Larry Mize’s chip, Bubba Watson’s hook, Scott Hoch’s putt, Raymond Floyd’s mental gaffe, Adam Scott’s bull’s-eye in the fading light . . . some of the stokes of genius – or infamy – that make Masters playoffs such scintillating theater.
The battles in regulation are special; the adage that the tournament does not start until the back nine on Sunday is so true. But the extra holes ratchet the pressure another notch or two. And comparing a Masters playoffs with the formula used in other major championships is like matching a Ferrari with a Model T.
The British Open and PGA Championship offer multi-hole playoffs, but at least those events strive to finish on Sunday. The U.S. Open presents an 18-hole slog a day later. With the Masters, it’s here, it’s now, it’s do or die.
Even so, the last two Masters raised the bar on the excitement meter. Really now, could anyone imagine Watson’s wedge from the trees that curved 40 yards or more on Augusta National’s 10th hole, the second of the playoffs, in the 2012 Masters?
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“I had no idea where he was. . . .When (the ball) came out, it look like a curveball going to the right,” Louis Oosthuizen, the hard-luck loser, said. “An unbelievable shot. . . .”
The author of that instant classic backed up his claim that if he has a swing, he has a shot. “A perfect draw that set up perfectly,” he said of his gem of 160 yards from the trees. Then he deadpanned: “Pretty easy.”
Shots in the playoffs are hardly simple. Ask Raymond Floyd.
“Nick (Faldo) didn’t win it; I lost it,” Floyd told reporters in recounting his bid to win a second Green Jacket at age 47 in 1990. “I don’t mean that as a negative against Nick, but I made a series of stupid mental errors. On 17, I had a one-shot lead, and I was pumped. After a great drive I played too conservatively and three-putted for bogey. Bogey? I should have birdied that hole.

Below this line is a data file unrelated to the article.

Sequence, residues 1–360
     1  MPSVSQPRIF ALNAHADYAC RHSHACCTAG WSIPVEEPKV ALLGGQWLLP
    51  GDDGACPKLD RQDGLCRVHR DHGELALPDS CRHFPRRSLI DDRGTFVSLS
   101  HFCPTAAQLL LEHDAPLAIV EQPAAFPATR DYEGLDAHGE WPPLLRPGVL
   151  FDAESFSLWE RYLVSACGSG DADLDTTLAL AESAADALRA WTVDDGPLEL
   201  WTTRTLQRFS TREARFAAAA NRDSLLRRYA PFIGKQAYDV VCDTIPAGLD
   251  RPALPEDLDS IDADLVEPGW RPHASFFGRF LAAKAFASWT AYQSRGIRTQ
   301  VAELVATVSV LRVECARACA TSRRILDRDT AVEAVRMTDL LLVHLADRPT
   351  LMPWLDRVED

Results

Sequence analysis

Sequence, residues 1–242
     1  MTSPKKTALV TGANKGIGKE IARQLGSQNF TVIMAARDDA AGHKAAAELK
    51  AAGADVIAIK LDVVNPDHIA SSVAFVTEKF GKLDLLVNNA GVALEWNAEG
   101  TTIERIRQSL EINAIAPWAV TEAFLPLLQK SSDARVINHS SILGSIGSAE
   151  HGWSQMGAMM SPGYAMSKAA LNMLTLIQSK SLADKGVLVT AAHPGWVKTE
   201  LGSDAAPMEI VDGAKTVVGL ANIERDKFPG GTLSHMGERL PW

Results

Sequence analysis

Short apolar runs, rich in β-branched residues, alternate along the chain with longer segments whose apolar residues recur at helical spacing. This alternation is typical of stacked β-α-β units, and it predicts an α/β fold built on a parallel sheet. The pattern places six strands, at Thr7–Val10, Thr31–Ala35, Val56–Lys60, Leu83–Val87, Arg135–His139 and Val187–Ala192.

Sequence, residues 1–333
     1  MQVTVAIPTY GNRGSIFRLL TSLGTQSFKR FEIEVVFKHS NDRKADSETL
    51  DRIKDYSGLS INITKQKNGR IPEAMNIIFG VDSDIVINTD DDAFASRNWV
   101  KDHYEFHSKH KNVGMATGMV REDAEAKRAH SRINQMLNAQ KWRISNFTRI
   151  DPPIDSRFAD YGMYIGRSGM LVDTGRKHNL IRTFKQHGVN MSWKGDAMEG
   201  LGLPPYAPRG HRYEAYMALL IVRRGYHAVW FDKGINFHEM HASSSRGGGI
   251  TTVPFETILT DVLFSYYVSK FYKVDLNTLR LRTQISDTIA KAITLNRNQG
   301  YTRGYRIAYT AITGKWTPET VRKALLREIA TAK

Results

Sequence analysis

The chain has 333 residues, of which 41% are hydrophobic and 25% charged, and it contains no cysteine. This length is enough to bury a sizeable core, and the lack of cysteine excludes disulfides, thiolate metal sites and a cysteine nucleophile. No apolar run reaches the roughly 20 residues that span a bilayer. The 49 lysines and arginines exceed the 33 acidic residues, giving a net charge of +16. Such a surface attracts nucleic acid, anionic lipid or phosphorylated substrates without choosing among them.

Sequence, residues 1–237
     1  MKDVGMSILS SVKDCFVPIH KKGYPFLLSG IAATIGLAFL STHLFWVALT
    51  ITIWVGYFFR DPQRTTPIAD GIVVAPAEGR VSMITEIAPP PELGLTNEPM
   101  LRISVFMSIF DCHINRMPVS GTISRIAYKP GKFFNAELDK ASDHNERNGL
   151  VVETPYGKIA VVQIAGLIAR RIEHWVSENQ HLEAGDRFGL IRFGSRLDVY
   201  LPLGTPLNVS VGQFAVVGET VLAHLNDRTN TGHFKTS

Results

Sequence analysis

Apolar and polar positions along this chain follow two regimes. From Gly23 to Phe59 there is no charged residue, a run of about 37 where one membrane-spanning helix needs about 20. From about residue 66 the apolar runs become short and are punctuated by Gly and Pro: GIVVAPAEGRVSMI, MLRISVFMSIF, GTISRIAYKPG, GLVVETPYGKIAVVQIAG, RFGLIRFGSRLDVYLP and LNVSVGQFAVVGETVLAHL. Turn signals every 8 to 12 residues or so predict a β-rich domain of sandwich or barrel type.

“And on No. 11 (the second playoff hole), I was in the fairway on a downslope; I hit it exactly like I wanted but didn’t account for the slope, which sent my ball left, into the creek. And that was that.”
That 10th green is where Hoch missed a 2- to 3-foot putt that would have ended his playoff with Faldo in the 1989 Masters. And the 10th is where Scott turned to caddie Steve Williams for advice on the winning putt that denied Angel Cabrera last year.
“I could hardly see the green in the darkness,” Scott recounted. “I was really struggling to read (the putt’s line), and I called Steve over.” Scott figured the break at one cup, but Williams said at least two cups. “It’s going to break more than you think,” the caddie said.
“He was my eyes on that putt,” Scott said.
That latest chapter of Sunday evening drama illustrates the magic of Augusta playoffs. Does anyone recall a shot from the Stewart Cink-Tom Watson playoff in the British Open? The Martin Kaymer-Bubba Watson duel in the PGA? Retief Goosen-Mark Brooks in the U.S. Open? Or how about the Masters’ playoffs before adopting the sudden-death format?
Compare those with Larry Mize’s chip from nowhere that inflicted perhaps the most painful setback among Greg Norman’s many near-misses in the 1987 Masters.
Oh, there have been some bummers. Len Mattiace fell apart on the first playoff hole and Mike Weir won in 2003. Kenny Perry stumbled into a playoff after bogeying the final two holes in regulation and Cabrera won with a par on the second extra hole in 2009.
Pressure? You bet. Just ask Raymond Floyd.
“Pressure is not just nervous swings; it affects your mental outlook, he said. “That (1990) tournament still hurts, because I always prided myself on mental toughness, and I lost because pressure got the better of me.”
Still, the opportunity to win the Masters is special.
“(Sudden-death) is a completely different game,” Oosthuizen said. “It’s match play, and you know you’re at least second. You go out and fire at pins and take on shots. . . . That was just a brilliant second shot (Watson) hit on 10.”
Shots like that make memories, and memories make the Masters, especially Masters playoffs.